This may also part of the problem. The melody is Byzantine but set for a choir and in English. So, if it is not 100% like a chanter's version, it ceases to be Byzantine?

Byzantine Chant isn't necessarily always solo. The churches I attended in Greece always had it with a group, a "choir" if you will. There are a few times there would be 1 man doing it alone, but only in some parts.

True enough. Weren't you able to hear the same Byzantine melody in both versions? There were slight variations in the beginning and the end of each verse, and the scale was altered a bit. But, it was essentially the same melody, the same tune.
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« Reply #21 on: April 06, 2012, 10:11:09 PM »

Speaking of Holy Week hymns, our regional Saint Romanos Chorale (AOCA) sang "Today is Hung upon the Tree" (in English) using this Russian melody. The first time we sang it in Houston at the Rothko Chapel, there was not a dry eye in the house. So, it is quite possible, isn't it to tell the story and glorify God in several different languages and traditions.

http://www.youtube.com/watch?v=3ERJKxpRpHw
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« Reply #22 on: April 07, 2012, 08:39:41 PM »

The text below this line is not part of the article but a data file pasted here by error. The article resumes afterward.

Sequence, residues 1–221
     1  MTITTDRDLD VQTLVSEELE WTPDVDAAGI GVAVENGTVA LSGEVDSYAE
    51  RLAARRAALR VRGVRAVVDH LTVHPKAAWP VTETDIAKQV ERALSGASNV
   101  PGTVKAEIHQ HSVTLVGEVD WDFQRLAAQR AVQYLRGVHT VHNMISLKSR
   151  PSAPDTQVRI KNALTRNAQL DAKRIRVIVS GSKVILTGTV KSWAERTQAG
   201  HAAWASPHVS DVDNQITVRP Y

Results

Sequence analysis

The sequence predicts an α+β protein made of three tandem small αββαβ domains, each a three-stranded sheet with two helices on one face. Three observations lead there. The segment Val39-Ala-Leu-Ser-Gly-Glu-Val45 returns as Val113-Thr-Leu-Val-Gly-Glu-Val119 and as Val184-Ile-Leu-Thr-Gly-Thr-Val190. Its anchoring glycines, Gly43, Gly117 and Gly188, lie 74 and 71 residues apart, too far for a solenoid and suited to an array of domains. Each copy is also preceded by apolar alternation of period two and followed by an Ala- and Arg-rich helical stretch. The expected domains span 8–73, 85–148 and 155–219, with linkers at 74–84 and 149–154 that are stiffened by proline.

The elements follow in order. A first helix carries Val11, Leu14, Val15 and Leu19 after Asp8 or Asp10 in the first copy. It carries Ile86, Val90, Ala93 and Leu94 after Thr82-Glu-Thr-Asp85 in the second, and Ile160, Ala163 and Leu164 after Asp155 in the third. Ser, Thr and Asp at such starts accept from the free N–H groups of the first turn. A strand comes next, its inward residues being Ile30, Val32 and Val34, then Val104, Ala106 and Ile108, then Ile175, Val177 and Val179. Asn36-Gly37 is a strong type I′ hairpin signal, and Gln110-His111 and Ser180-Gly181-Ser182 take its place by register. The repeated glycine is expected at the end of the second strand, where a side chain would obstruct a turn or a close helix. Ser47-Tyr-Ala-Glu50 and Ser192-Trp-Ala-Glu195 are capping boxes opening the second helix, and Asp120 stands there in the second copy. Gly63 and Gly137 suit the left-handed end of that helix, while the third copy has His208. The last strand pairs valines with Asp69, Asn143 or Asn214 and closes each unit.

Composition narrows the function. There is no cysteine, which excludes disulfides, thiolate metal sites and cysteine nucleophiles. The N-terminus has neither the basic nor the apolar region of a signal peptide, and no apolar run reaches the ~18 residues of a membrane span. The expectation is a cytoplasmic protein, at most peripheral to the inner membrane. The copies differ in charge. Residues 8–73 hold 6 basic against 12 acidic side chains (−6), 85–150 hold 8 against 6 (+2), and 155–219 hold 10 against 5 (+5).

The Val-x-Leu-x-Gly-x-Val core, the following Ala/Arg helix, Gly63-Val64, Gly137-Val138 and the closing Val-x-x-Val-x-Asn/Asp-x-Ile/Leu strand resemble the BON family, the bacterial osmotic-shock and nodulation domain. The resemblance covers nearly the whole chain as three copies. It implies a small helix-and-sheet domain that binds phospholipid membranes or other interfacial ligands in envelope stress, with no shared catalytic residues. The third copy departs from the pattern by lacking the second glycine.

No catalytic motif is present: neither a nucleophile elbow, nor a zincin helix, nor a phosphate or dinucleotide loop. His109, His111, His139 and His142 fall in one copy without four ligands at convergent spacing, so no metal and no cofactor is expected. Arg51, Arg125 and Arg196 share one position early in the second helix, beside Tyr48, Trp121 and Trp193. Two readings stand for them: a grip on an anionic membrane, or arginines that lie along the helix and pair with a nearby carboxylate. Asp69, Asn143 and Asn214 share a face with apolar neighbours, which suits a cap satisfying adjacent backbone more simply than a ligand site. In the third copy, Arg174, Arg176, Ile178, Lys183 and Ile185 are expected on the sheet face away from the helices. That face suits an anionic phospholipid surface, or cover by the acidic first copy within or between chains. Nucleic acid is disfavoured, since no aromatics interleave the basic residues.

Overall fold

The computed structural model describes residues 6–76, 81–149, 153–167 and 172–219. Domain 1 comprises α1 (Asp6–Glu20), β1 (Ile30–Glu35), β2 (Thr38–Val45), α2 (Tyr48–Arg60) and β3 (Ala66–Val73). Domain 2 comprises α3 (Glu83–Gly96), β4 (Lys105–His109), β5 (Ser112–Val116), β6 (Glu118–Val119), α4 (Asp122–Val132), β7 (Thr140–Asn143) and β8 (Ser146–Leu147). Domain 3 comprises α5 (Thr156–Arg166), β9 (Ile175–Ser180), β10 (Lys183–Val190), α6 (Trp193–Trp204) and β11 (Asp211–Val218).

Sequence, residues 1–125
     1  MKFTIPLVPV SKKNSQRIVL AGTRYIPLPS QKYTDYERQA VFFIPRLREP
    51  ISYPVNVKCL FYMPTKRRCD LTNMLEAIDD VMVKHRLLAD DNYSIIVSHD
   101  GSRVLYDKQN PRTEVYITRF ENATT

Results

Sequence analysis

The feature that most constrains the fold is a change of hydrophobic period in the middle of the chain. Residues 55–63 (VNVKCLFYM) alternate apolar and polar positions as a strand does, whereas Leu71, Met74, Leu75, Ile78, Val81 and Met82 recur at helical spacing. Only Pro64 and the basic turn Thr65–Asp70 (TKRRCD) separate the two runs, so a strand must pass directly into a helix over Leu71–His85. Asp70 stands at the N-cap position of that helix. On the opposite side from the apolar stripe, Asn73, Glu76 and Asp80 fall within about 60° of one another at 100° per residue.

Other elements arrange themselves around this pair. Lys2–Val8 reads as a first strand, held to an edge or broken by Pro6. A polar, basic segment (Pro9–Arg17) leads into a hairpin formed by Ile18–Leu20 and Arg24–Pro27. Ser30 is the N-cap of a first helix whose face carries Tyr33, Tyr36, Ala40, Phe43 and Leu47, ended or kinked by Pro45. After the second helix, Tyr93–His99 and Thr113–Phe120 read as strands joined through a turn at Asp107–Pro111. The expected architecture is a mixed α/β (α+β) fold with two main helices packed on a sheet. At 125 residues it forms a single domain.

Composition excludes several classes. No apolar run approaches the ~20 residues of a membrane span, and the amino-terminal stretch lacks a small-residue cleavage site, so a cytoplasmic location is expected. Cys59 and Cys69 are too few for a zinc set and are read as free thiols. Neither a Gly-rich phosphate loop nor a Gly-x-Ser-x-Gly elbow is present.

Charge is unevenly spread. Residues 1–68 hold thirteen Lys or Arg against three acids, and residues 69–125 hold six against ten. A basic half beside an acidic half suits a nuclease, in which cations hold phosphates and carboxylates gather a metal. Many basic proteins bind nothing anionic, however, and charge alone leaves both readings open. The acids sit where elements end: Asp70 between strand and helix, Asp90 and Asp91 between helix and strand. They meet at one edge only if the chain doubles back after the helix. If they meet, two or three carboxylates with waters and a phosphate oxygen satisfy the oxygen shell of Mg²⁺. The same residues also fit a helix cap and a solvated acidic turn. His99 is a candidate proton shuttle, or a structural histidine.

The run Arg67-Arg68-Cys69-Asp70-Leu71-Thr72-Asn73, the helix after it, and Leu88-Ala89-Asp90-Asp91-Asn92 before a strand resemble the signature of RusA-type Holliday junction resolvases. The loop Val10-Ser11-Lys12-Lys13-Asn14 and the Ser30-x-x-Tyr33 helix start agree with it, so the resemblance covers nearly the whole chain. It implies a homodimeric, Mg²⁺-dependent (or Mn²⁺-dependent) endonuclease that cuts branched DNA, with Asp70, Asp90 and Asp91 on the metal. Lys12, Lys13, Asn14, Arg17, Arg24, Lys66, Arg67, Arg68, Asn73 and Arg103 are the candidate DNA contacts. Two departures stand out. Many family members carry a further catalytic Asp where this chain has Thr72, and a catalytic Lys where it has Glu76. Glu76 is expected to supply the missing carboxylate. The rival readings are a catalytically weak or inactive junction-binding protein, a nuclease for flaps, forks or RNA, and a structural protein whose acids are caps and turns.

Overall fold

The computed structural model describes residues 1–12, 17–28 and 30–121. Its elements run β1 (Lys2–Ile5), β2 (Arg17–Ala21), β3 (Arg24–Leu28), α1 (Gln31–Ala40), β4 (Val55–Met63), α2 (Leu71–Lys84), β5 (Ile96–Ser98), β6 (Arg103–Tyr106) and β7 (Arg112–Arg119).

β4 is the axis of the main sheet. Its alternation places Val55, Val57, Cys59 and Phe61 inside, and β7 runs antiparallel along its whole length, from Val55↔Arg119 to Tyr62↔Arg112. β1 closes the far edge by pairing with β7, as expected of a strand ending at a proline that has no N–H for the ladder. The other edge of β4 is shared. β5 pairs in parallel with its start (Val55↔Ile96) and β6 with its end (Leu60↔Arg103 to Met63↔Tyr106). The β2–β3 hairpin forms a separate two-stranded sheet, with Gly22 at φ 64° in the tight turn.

Speaking of Holy Week hymns, our regional Saint Romanos Chorale (AOCA) sang "Today is Hung upon the Tree" (in English) using this Russian melody. The first time we sang it in Houston at the Rothko Chapel, there was not a dry eye in the house. So, it is quite possible, isn't it to tell the story and glorify God in several different languages and traditions.

http://www.youtube.com/watch?v=3ERJKxpRpHw

Absolutely, positively true.
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« Reply #23 on: April 08, 2012, 06:19:18 PM »

Speaking of Holy Week hymns, our regional Saint Romanos Chorale (AOCA) sang "Today is Hung upon the Tree" (in English) using this Russian melody. The first time we sang it in Houston at the Rothko Chapel, there was not a dry eye in the house. So, it is quite possible, isn't it to tell the story and glorify God in several different languages and traditions.

http://www.youtube.com/watch?v=3ERJKxpRpHw

Thank you for this.  It was much needed amidst the hubbub of Palm Sunday. 
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« Reply #24 on: April 08, 2012, 06:26:25 PM »


The words produce dissonances in two instances. As Iconodule pointed out, "By death trampling down upon death" is just wrong grammatically and stylistically. I don't know if anyone has noticed it but the last verse also sounds strange "And to those in the tombs He has granted life" versus what is already used by everybody else: "bestowing life." In the second instance, there does not seem to be a grammatical problem but the verb tense is different and the actual phrasing "He has granted life" sounds like what a non-English user would say, translating directly from the original.

There is no verb: charisamenos is a participle, which is a verbal adjective.  The use of participles subordinates those actions to those of the main verb which is anesti ('is risen').